Her partner-in-crime Derek -- who actually makes the vodka from scratch for the full DIY effect (see Still Spirits for ideas and equipment) -- notes that it's far from an exact science. "It's all a process of trial and error. We had one batch of feijoa-infused vodka that was crap after 6 weeks, but after a year it was utterly fabulous."

Thanks, guys! Inspiring stuff, especially for those of us far from a source for the bought variety, or those lucky enough to be gazing out at a tree full of fruit and wondering what to do with it after you get sick of feijoa ice-cream, feijoa crumble, feijoa kebabs, etc. I get the impression the infusion process gets pretty addictive once you get started. So what do you do with all that lovely fruity liqueur lying around the house, apart from drink it? As it happens, Raewyn is writing a book on cooking with vodka -- keep an eye out for it in October 2004. Consider this an exclusive preview to whet your appetites and make sure you have enough of the raw ingredient lying around when the book comes out.

Now I look forward to hearing the results of readers' experiments -- tamarillo liqueur, anyone? -- and in the meantime, anyone know of a North American source of dried feijoa bits that I can mix into my home-baked muesli, for that taste of home?

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Chez nous | Sep 03, 2003 12:16

After a month in New Zealand and only a week back in Manhattan, Busytot has come out as a confirmed café crawler. We just had lunch at Chez Nous, which was a pallid substitute for the café lunch I promised him. The café I had in mind turned out to be packed full of Columbia undergrads - first week of semester, rainy day -- so what could we do but go home, set the teeny tiny table with plastic knives and forks, and order up cheese toasties, peaches, and chocolate milk for two. Thankfully, Busytot fell in with my cunning scheme, after some initial scepticism (i.e. shrieking "No go home! Want go café!"). Advantages of the domestic ersatz-café: vastly more elbow room than your average city eatery, own choice of music (in this case, Don Linden's classic selection of vintage kiddie songs with the beloved "Kiwi Song" on endless repeat), and best of all, the clientele can fall asleep on the floor after eating.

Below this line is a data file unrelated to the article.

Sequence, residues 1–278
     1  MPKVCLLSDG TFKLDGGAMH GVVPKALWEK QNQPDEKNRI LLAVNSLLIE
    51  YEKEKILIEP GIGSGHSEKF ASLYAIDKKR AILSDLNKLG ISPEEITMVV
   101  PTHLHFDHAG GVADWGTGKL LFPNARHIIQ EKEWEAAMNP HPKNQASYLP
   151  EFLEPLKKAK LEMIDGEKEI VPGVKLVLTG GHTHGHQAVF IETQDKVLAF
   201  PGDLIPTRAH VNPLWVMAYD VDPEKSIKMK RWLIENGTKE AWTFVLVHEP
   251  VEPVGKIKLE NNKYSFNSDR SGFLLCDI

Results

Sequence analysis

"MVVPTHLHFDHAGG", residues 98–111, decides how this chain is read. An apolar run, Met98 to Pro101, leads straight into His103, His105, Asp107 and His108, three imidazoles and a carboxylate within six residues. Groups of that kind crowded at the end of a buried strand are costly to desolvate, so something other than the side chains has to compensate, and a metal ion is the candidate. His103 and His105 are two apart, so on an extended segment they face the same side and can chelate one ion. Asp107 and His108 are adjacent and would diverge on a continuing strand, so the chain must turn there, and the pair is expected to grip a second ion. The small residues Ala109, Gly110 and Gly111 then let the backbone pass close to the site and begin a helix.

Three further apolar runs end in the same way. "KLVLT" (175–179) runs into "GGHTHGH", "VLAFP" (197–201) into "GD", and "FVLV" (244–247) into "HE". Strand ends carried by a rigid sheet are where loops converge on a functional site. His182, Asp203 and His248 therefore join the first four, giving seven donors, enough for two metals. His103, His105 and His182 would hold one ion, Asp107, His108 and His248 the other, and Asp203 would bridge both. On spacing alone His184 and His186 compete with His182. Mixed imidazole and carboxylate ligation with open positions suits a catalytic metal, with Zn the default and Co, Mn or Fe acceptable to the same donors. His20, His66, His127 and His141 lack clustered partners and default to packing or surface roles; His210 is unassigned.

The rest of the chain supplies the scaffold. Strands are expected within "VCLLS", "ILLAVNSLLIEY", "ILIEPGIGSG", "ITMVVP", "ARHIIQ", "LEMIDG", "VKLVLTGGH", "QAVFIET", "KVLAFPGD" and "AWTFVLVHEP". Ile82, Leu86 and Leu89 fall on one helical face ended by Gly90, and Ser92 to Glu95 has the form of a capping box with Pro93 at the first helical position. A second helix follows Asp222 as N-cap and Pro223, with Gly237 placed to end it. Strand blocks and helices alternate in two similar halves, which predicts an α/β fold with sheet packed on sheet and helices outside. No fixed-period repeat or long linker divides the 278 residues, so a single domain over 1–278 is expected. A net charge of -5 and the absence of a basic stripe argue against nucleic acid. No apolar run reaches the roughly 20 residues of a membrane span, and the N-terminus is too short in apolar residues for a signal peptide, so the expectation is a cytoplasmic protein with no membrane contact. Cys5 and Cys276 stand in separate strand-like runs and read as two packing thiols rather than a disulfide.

Behold the urban child. I was reminded of writer Adam Gopnik's description of his daughter's imaginary friend, a chap called Charlie Ravioli who was always too busy to see her and whose PA would frequently put her on hold when she called him (Charlie Ravioli has become quite a meme, all by himself). It hasn't got quite that bad around here yet, but the first morning we woke up in the city after arriving back from New Zealand, Busytot's first comment upon waking was a dreamy "Oooh, garbage truck... garbage truck go backwards..." And yes, outside the window, the garbage truck of the apocalypse graunched its way up and down the street, waking the dead and the jet-lagged.

Only a week back in the city and we're sleeping through the garbage trucks and fitting back into our American life. You know how when you travel, certain mundane things carry the aura of the Other Place long after your return, how you hoard the last few drops of Fairy Liquid, or French dentifrice, or Danish hair skum, but one day they're finished and you're back to prosaic local products? This time, it was the switch from Treasures to Pampers, and handing over the last of the little boxes of UHT milk, the one that proclaims itself "the milk NZers grow up on." And reaching the bottom of the box of Hubbards' feijoa-flavoured cereal...